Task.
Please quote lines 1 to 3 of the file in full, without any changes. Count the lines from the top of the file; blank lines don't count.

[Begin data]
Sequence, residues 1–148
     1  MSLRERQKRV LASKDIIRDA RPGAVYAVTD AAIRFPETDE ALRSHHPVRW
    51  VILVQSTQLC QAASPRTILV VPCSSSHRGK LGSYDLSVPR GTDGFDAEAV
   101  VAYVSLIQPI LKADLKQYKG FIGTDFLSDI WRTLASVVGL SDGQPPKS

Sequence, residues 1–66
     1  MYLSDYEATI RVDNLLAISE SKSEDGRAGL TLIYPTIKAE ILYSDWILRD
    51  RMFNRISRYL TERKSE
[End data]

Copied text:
Sequence, residues 1–148
     1  MSLRERQKRV LASKDIIRDA RPGAVYAVTD AAIRFPETDE ALRSHHPVRW
    51  VILVQSTQLC QAASPRTILV VPCSSSHRGK LGSYDLSVPR GTDGFDAEAV